We’re proud to present today’s “What Next” essay from David King Landrith, aka DKL, aka Arturo Toscanini, aka etc. Dave is a well-known participant in the LDS blog world, although to the best of my knowledge he is currently lacks a site to call his home. Perhaps in part for that reason, many of us are less familiar with his personal story of faith, doubt, and renewed faith. Thanks, David, for this brave and fascinating discussion of your singular experience!
I became an atheist during my sophomore year at BYU. It was late winter or early spring of 1991, some time during the beginning of my 23rd year. That was the year that I found logical positivism, a school of philosophy that has fallen into disfavor in some quasi-official sense. Nevertheless, many of its tenets are now among the key operational assumptions of philosophers and scientists of nearly every stripe.
For most atheists, gods are like unicorns: there’s no compelling reason why they can’t exist; it just so happens that they don’t. For a positivist, gods are like round squares: they’re defined in a way that renders their existence impossible. Gods are unintelligible, so everything that we say about them is either false or unintelligible. The question of belief (or faith) never arises, because there is no intelligible proposition to be believed.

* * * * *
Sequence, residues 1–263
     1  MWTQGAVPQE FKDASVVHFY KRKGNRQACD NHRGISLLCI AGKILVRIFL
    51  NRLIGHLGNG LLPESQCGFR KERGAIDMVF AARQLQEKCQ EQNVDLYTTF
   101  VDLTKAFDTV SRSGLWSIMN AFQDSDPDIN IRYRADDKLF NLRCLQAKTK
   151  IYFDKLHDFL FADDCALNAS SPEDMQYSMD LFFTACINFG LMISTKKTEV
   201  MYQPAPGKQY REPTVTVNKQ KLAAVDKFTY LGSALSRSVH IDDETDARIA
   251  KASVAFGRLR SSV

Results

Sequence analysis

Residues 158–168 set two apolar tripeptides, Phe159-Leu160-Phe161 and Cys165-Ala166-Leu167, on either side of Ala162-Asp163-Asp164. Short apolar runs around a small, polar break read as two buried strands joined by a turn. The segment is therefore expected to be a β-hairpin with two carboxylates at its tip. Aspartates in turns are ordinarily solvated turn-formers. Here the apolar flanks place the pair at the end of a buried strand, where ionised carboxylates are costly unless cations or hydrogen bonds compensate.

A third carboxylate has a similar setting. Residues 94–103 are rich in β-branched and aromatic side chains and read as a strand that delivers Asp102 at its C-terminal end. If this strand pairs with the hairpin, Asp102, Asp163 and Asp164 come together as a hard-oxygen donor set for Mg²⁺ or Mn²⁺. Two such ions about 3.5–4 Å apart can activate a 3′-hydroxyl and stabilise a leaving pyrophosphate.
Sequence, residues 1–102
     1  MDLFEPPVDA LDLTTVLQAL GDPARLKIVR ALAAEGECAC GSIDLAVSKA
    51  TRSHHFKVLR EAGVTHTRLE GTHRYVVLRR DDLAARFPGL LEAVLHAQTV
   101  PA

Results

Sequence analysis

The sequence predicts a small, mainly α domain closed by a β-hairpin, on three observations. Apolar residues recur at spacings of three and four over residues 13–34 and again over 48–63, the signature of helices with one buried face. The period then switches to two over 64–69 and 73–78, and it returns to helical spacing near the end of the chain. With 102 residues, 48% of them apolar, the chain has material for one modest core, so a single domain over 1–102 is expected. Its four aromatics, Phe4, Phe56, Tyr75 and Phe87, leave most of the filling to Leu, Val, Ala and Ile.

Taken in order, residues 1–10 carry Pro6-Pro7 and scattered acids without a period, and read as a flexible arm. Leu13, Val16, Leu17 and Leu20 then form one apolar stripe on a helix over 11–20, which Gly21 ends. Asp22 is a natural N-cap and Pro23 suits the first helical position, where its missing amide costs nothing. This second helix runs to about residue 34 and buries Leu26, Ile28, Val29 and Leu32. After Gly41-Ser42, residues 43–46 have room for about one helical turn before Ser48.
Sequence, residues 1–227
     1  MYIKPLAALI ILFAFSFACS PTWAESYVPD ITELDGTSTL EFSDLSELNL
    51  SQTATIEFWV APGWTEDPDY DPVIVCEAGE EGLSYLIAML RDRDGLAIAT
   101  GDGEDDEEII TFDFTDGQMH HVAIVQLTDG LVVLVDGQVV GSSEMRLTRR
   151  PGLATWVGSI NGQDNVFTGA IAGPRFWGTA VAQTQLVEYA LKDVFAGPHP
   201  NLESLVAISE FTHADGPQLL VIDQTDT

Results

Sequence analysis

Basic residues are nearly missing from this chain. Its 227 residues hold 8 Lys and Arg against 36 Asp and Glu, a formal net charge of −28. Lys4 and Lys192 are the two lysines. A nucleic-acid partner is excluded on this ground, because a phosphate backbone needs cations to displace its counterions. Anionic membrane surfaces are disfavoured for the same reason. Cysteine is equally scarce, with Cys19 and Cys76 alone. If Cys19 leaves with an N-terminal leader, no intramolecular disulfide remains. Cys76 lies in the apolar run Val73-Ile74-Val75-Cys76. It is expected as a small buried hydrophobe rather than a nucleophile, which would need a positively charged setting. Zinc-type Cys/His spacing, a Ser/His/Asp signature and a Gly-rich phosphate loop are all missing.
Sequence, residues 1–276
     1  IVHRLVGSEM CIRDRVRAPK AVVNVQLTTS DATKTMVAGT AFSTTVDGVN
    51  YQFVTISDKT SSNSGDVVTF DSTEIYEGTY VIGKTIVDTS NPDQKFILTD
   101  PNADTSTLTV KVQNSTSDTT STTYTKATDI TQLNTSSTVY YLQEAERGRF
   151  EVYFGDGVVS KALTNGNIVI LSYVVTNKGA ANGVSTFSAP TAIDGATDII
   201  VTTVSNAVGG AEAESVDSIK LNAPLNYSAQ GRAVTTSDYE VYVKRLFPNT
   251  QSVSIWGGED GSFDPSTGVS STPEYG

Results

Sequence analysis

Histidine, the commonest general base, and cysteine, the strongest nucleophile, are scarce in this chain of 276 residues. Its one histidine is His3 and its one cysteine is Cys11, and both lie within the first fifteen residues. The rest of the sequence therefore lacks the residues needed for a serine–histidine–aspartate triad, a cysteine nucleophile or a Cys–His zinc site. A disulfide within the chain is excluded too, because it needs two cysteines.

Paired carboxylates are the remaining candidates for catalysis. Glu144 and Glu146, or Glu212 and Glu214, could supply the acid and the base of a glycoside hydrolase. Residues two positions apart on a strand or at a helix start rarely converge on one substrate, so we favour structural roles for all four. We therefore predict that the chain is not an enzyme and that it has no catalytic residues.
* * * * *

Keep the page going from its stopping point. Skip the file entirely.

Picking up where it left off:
Logical positivism was the last in a long series of straws that finally broke the camel’s back. As a teenager, I’d observed the regularity with which leaders trotted out guilt and authority and scriptural justification as mere crowd control measures. I’d been disabused of the sanitized, Sunday School version of church history. I’d read everything I could find about the historical issues and textual origins of the Old and New Testaments (and the Book of Mormon and Book of Abraham). I found Mormonism as practiced at BYU to be somewhat offensive. I’d found nothing inspired or spiritually redeeming about the MTC, where my experience had left me feeling brow-beaten and humiliated. Plus, it’s difficult for me to feel at home among many mormons.
Furthermore, I’m just not a very spiritual person. I’ve felt the Sprit before, but I generally find myself at a loss when I’m in situations where other people purport to be having powerful spiritual feelings or experiences. There are things that come quite easily to me—I have many God-given gifts. Spirituality isn’t one of them. It’s one of the many things that makes me a work-in-progress.